Indeed, medicinal importance of honey has been documented in the world's oldest medical literatures, and since the ancient times, it has been known to possess antimicrobial property as well as wound-healing activity. The healing property of honey is due to the fact that it offers antibacterial activity, maintains a moist wound condition, and its high viscosity helps to provide a protective barrier to prevent infection. Its immunomodulatory property is relevant to wound repair too. The antimicrobial activity in most honeys is due to the enzymatic production of hydrogen peroxide. However, another kind of honey, called non-peroxide honey (viz., manuka honey), displays significant antibacterial effects even when the hydrogen peroxide activity is blocked. Its mechanism may be related to the low pH level of honey and its high sugar content (high osmolarity) that is enough to hinder the growth of microbes. The medical grade honeys have potent in vitro bactericidal activity against antibiotic-resistant bacteria causing several life-threatening infections to humans. But, there is a large variation in the antimicrobial activity of some natural honeys, which is due to spatial and temporal variation in sources of nectar. Thus, identification and characterization of the active principle(s) may provide valuable information on the quality and possible therapeutic potential of honeys (against several health disorders of humans), and hence we discussed the medicinal property of honeys with emphasis on their antibacterial activities.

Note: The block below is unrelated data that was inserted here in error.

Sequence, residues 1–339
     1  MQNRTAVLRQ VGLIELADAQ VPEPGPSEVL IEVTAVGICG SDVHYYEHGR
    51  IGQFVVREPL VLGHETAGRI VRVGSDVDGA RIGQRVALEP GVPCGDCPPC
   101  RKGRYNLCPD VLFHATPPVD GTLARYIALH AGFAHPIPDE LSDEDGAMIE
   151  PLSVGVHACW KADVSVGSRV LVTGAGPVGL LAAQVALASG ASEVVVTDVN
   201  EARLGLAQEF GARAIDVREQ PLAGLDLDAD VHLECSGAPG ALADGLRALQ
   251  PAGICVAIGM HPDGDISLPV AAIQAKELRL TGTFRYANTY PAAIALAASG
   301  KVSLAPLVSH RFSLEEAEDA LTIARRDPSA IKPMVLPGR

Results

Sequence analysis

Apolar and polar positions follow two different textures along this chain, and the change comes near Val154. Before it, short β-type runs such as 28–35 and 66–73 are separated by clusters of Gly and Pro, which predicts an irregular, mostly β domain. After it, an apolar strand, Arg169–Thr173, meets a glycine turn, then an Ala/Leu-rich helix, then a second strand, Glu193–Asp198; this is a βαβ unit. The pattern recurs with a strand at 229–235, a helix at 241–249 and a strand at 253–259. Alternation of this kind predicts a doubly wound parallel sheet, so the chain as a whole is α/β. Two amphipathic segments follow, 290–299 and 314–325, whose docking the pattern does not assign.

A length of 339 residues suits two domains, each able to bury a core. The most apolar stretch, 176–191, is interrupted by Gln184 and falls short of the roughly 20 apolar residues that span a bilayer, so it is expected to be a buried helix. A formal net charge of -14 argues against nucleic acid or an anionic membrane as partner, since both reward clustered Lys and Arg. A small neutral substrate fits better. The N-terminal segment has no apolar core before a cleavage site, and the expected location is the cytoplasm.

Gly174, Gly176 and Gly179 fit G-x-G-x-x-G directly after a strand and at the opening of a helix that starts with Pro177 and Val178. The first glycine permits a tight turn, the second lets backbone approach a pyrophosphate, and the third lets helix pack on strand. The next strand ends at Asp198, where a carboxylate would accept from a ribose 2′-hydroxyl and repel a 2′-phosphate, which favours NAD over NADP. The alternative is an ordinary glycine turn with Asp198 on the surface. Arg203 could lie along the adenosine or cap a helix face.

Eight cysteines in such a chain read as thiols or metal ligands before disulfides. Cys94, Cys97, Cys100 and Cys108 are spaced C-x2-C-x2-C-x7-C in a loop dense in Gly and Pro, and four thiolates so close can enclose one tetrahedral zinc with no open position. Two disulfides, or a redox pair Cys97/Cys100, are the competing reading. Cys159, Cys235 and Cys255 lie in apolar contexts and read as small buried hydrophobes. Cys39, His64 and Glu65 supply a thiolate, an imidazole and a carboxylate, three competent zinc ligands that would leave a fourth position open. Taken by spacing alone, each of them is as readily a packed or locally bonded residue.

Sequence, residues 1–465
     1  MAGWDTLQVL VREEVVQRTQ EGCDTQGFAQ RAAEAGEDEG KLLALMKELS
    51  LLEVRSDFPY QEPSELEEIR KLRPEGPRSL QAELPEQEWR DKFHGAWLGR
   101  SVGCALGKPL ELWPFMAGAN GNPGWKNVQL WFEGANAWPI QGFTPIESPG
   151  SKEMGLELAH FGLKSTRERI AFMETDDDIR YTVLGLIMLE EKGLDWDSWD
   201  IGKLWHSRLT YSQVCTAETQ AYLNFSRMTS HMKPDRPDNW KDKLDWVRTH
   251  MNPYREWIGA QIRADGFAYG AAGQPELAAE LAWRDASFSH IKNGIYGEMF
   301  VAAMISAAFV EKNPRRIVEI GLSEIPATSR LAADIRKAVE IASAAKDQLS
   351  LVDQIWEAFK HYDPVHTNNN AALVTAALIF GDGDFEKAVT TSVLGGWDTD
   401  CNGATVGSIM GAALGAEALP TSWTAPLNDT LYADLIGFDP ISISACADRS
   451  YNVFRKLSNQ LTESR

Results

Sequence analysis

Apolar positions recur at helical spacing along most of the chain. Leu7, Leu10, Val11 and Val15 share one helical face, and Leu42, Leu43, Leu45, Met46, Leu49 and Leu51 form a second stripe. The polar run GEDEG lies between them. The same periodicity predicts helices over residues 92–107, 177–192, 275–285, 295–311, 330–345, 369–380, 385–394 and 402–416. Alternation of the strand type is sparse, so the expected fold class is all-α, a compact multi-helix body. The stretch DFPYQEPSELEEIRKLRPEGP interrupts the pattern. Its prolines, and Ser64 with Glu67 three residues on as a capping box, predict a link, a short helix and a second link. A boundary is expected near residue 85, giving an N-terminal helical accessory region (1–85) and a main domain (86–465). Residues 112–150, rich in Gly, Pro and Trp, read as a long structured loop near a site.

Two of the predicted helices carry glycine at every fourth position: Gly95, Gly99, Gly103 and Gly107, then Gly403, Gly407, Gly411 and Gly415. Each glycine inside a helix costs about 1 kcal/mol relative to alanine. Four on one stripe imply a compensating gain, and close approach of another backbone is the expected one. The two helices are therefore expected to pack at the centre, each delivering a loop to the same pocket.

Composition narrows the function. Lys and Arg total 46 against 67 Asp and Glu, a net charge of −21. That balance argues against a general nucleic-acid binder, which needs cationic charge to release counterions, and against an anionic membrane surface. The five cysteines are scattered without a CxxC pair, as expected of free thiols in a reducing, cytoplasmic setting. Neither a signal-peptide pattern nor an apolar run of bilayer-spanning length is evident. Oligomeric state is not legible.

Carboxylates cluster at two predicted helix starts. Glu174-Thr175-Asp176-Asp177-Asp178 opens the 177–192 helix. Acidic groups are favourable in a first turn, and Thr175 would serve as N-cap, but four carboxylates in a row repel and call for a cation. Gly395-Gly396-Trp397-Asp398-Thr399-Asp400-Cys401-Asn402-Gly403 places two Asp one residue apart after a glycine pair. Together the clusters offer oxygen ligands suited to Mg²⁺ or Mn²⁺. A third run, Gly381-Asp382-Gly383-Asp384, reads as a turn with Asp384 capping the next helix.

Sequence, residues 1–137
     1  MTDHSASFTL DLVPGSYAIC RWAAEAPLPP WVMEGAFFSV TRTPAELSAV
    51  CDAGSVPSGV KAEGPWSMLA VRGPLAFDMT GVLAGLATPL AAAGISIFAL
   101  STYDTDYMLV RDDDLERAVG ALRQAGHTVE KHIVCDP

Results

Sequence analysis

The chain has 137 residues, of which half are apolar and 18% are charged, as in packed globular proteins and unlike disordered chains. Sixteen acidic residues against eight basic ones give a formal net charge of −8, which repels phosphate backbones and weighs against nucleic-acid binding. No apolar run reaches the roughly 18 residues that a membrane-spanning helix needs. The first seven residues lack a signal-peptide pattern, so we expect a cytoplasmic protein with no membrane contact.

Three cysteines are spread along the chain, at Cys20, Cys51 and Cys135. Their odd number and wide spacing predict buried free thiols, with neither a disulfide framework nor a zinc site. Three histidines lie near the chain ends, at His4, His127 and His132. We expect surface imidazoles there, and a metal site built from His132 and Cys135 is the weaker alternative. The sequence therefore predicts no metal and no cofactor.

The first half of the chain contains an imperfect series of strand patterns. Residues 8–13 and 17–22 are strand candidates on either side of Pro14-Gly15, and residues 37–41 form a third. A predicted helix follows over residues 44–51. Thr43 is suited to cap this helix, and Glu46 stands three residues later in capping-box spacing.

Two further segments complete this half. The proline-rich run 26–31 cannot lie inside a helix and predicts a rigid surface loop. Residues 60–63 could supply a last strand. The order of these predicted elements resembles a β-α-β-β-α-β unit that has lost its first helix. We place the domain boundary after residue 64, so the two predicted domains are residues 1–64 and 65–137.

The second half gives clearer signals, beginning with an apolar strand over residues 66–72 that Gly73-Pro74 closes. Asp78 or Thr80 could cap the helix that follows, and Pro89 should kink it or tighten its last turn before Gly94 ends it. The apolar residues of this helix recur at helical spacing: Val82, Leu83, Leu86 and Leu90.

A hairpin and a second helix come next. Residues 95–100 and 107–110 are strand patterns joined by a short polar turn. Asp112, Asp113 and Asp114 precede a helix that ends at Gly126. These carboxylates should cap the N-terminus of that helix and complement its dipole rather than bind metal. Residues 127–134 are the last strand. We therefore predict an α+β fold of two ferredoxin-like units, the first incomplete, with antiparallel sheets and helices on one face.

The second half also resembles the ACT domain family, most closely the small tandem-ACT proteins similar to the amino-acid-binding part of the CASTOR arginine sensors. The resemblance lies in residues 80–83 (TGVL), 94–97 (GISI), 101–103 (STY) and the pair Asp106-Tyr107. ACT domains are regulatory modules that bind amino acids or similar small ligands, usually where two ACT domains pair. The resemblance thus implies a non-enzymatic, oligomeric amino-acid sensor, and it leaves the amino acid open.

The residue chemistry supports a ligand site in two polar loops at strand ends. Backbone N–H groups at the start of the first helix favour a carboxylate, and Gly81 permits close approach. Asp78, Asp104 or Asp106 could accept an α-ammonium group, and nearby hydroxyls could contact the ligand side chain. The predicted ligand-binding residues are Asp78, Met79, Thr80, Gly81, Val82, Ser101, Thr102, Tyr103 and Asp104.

Keywords: Honey, Antibacterial activity, Wound healing property, Glucose oxidase, Non-peroxide effect, Medical-grade honey, Antimicrobial agents, Medicinal property, Antimicrobial property, Immunomodulatory property
Antimicrobial agents are essentially important in reducing the global burden of infectious diseases. However, as resistant pathogens develop and spread, the effectiveness of the antibiotics is diminished. This type of bacterial resistance to the antimicrobial agents poses a very serious threat to public health, and for all kinds of antibiotics, including the major last-resort drugs, the frequencies of resistance are increasing worldwide,. Therefore, alternative antimicrobial strategies are urgently needed, and thus this situation has led to a re-evaluation of the therapeutic use of ancient remedies, such as plants and plant-based products, including honey–.